Saturday, December 07, 2013

I Am Running Away And Joining A Weightlifting Cult

For my thirtieth birthday, my boyfriend, dear sweet man, bought me a session with a serious-business lifting coach.

It took me a couple weeks to schedule it because I was afraid.  I wanted it, and I was excited also, but I was afraid.  I was afraid that he would meddle in what I eat.  I was afraid that he would take one look at me and know instantly that I'm not worth his time.  I was afraid that he would start talking about fat loss goals.

None of those things happened.  This man is built like a brick wall out of which stare the kindest eyes I've seen on a human being since my teaching mentor left my university (it's a high bar).  And what he cares about is not getting ripped—it's getting strong.

We just squatted, the first session.  Air squats, then the bar, then adding weight.  After seeing me do a couple sets with the bar, he said, "You overthink things and it paralyzes you.  Just let go."  I almost cried.  I PRed my squat: 185x3, and he said he thought I could do more, that the bar speed was fast enough that it wasn't my real max.  He says he thinks a two-plate (225-pound) squat shouldn't be a problem, that I could deadlift "in the threes" and compete.  My bar path is good, he says (I don't totally know what that means, I confess, because you can't really see your own bar path, which is another reason that it is good to have a coach).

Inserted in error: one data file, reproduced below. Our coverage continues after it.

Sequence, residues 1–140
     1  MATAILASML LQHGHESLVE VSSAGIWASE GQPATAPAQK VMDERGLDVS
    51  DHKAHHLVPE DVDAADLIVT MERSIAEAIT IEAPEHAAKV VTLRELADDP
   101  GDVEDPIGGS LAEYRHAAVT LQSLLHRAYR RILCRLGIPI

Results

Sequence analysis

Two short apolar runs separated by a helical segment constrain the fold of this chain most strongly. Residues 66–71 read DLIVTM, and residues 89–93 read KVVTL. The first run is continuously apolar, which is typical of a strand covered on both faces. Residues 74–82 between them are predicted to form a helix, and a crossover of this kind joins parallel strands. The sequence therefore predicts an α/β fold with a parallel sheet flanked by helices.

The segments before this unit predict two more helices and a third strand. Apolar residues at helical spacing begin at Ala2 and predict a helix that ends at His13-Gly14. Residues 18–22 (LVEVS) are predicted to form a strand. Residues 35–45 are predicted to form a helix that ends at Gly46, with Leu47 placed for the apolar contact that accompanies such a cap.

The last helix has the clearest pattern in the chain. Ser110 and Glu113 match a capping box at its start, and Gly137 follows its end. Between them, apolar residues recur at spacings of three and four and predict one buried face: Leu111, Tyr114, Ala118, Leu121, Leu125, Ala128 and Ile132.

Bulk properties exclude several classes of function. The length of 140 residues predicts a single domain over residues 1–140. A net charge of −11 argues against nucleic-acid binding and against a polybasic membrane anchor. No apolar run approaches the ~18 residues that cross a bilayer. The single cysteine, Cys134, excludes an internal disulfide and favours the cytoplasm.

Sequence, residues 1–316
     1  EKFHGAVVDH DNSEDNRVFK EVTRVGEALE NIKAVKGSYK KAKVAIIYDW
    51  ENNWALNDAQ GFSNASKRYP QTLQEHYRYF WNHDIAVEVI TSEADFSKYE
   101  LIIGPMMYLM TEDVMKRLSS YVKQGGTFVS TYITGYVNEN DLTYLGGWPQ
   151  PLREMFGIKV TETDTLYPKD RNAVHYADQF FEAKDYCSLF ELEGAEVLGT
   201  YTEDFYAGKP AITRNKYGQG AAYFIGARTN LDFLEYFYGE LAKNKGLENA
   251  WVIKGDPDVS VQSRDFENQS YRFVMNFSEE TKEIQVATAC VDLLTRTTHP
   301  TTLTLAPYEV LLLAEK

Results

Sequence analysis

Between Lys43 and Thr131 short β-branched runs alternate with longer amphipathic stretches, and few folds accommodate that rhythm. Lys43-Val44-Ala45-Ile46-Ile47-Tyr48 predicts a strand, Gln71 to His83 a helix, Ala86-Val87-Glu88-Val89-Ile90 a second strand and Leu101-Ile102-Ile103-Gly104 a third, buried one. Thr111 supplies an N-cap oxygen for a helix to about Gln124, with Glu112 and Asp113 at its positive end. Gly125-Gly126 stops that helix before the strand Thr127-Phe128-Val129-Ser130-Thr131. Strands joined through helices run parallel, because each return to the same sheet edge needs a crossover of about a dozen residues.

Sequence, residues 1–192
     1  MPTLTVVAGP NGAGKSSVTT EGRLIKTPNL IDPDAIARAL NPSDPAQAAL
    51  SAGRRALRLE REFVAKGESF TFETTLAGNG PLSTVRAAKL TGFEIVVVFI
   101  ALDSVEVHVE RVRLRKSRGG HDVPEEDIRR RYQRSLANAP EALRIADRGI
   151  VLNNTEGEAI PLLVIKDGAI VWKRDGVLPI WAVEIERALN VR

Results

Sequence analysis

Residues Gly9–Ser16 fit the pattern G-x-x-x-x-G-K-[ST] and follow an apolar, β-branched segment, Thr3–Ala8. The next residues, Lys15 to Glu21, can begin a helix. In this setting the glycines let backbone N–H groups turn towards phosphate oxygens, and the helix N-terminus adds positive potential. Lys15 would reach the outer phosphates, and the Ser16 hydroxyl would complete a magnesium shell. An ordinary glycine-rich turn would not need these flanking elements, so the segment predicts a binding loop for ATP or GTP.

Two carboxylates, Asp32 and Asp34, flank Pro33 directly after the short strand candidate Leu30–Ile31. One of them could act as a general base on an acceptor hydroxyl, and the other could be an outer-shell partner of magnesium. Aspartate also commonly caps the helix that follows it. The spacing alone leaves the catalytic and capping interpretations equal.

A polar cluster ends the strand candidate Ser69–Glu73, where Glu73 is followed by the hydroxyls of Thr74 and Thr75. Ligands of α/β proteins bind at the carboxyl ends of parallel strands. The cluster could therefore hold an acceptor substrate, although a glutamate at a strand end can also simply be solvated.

At some point I said that I was worried about losing my tension at the bottom of the squat because my legs are big and I felt like I was just sitting on myself, not holding myself up.  He looked at me skeptically and said, "That's very creative.  You'll have to draw me a picture of what you think is happening.  No.  Use the mass in your legs to drive up."

He zeroed in immediately: I roll my wrists under the bar, set up slightly left of center (this might actually explain why I feel like my right side lags my left—because it's actually bearing more weight), and most of all, am trying way too hard to keep my torso upright, which is resulting in an over-arched back and less stability than would be ideal.  I am practicing dropping my chest and keeping a neutral spine ("nothing should be happening in your spine") when I climb the three flights to my apartment.  It feels good.  It makes more sense, the position.

He said I could come to a couple open sessions for free.  I went yesterday, squats and presses, and even though there were like twelve people in the gym, I felt like I had his full attention: I need to work on locking out at the end of a squat set ("Judges look for it—you might as well practice now, in case you compete"), rerack too delicately, don't explode aggressively enough, tend not to hit full depth on the first squat of a set, roll my wrists under on the press too.  And, of course, I overthink.